You Might Think

So here’s today’s schizophrenic paradigm…I gave this a pile of thought while completing 3,582 hours of yard work this weekend. (Warning: the topic carries far more gravity than my sun burn issue.)

I adamantly believe the Virginia Tech tragedy is not–I repeat NOT–a sports story. I continually shake my head at the coverage it is getting in the sports world. Think about it…this is a profoundly human story having nothing to do three-point percentage, spring football, or earned run averages.

Having the agenda-pushing, doughnut-eating, egomaniacal ESPN Sports Reporters commenting on this tragedy is a little like having Paula Zahn or Wolf Blitzer commenting on the infield fly rule or the charge/block call. I’m tired of seeing it in the B or C section of the newspaper.

Similarly, the whole Don Imus flap is NOT a sports story. Never was. There’s so much wasted oxygen in the sports world it annoys me.

But the connundrum?

Anybody who debates the role of sports in society and its importance just doesn’t get it.


The ACC outlasted the CAA in a tight, defensive grind in the inaugural Commonwealth Collegiate Challenge game. The final score was somewhere around 141-136 and I think it is safe to say a good time was had by all.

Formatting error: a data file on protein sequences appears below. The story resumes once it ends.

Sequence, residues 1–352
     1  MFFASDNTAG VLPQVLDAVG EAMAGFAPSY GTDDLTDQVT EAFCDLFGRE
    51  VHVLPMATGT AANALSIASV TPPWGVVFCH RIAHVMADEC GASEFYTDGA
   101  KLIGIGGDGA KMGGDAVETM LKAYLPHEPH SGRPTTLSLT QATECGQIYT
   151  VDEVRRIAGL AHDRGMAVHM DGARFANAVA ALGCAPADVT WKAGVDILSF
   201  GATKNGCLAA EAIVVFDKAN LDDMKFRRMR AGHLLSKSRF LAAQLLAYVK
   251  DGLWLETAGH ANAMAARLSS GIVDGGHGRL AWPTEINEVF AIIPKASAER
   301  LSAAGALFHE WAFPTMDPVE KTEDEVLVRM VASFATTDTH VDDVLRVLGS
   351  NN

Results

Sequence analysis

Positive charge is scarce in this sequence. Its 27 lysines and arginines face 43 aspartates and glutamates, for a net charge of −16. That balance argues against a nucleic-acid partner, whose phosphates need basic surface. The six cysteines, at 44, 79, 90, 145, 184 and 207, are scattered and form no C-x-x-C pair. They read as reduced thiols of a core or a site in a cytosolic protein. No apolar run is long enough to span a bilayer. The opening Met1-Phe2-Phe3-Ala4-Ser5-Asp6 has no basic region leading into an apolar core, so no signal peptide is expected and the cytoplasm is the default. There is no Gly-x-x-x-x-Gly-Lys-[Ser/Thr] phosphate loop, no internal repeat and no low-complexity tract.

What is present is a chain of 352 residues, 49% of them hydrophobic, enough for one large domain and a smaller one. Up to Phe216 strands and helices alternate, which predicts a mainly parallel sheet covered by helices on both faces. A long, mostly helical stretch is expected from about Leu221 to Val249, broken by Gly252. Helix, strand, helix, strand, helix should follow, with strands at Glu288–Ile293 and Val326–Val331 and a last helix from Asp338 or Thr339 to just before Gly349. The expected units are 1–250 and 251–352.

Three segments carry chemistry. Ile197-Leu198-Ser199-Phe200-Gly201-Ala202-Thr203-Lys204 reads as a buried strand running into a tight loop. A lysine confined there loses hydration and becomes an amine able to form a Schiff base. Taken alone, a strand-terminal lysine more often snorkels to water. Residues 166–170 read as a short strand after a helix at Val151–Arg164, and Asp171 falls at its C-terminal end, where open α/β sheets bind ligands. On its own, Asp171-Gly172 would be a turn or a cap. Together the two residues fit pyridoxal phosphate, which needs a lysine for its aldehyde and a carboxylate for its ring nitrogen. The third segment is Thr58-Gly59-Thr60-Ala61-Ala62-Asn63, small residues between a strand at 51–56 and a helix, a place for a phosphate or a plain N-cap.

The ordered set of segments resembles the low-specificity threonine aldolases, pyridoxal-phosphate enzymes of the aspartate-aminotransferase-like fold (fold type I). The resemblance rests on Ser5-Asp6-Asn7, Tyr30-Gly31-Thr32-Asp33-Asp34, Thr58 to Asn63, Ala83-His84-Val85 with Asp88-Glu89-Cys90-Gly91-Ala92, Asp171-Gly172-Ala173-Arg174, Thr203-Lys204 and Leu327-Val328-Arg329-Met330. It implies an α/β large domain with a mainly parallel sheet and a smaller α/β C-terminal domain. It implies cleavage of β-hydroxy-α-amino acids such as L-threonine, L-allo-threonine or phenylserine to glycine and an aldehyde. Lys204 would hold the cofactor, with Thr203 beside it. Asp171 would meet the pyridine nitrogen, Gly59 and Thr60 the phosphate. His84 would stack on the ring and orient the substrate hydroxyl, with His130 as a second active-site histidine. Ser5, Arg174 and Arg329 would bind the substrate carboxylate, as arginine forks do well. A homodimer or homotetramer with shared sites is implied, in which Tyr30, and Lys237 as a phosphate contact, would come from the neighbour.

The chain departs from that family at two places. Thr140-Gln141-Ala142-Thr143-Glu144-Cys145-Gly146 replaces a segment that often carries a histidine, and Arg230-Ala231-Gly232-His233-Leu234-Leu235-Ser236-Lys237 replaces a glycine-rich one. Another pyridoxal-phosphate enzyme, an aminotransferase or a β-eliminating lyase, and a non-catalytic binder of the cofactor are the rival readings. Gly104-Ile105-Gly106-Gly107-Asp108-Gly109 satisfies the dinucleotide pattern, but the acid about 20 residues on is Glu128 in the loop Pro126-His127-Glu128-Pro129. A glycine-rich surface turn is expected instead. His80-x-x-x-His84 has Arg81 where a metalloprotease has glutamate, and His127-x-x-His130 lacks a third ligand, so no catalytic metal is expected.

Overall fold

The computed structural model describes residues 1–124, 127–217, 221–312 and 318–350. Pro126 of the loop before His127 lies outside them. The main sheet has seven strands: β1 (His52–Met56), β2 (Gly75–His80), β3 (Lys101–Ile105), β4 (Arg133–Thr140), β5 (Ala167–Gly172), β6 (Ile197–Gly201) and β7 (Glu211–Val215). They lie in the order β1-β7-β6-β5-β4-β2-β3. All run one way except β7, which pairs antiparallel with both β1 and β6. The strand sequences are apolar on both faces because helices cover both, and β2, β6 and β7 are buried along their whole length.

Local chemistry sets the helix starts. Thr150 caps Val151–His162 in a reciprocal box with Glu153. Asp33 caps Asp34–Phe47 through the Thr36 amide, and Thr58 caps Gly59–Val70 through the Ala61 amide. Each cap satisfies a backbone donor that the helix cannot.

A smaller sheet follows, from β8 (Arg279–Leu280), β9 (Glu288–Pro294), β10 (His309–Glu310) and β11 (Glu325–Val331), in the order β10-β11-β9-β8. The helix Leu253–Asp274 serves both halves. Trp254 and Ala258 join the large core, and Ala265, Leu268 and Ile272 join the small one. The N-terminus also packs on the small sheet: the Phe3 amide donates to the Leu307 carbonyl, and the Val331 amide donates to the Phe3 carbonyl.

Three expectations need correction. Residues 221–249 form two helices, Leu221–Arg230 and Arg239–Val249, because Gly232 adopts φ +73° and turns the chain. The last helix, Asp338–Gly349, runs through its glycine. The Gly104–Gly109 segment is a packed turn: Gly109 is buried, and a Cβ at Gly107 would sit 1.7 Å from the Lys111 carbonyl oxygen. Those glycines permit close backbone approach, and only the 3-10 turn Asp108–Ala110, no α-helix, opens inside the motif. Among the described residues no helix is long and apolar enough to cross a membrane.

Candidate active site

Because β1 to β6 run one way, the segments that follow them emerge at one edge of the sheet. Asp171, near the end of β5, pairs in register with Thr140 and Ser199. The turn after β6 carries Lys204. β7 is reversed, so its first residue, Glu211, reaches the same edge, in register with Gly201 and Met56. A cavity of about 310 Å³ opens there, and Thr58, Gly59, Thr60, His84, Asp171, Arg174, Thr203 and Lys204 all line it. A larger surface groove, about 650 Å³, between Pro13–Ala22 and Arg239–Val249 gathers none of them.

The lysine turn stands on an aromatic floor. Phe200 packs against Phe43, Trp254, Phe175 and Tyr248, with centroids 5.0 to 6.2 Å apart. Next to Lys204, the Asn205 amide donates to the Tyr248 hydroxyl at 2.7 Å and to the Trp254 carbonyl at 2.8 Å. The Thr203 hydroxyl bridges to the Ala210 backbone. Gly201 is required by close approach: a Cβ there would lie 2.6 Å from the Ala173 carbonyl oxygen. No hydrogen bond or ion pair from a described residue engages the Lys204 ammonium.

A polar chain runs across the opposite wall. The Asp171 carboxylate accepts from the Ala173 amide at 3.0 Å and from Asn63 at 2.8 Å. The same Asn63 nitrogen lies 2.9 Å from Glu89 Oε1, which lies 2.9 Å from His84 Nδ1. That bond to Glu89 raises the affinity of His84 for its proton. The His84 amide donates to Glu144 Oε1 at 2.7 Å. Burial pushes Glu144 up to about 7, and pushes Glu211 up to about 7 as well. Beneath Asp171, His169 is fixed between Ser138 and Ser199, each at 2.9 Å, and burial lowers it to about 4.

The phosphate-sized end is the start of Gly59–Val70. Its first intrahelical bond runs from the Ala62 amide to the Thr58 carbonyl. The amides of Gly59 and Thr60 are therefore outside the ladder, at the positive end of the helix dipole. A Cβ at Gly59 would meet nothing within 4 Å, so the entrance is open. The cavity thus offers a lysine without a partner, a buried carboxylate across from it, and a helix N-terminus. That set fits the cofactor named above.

~ by mglitos on April 23, 2007.

3 Responses to “You Might Think”

  1. The VT thing is not a sports story, I agree. But the reaction to it in the sports world certainly is. Just like it was with 9/11.

    I was going to use a reverse case of the Jackie Robinson story, but I don’t think it really would get at the heart of my point, nor be a fair comparison… but I think my drift is clear. And yours is clear in your conundrum – not to mention dead on.

    And I’m no ESPN apologist – they do what is in the interest of themselves and I hate how obvious it is – but people want to hear about how it affected sports and how sports affects the aftermath, plus all those cute stories about tributes in the sports world.

    NOW, the Imus thing has a sports connection, obviously, but was in no way a sports story, and was covered extensively in every other media outlet. That was overkill, even for ESPN.

    I’m curious to read the new ombudsman’s take on it.

    My 2 cents… as I eat pizza… while “working”.

  2. P.S. I stopped watching the sports reporters after Dick Schaap died, therefore I have no frame of reference for you comments on that group’s display.

  3. Meet Bill Conlin. Meet Mike Lupica.


    Mike Nuf Sed McGreevey

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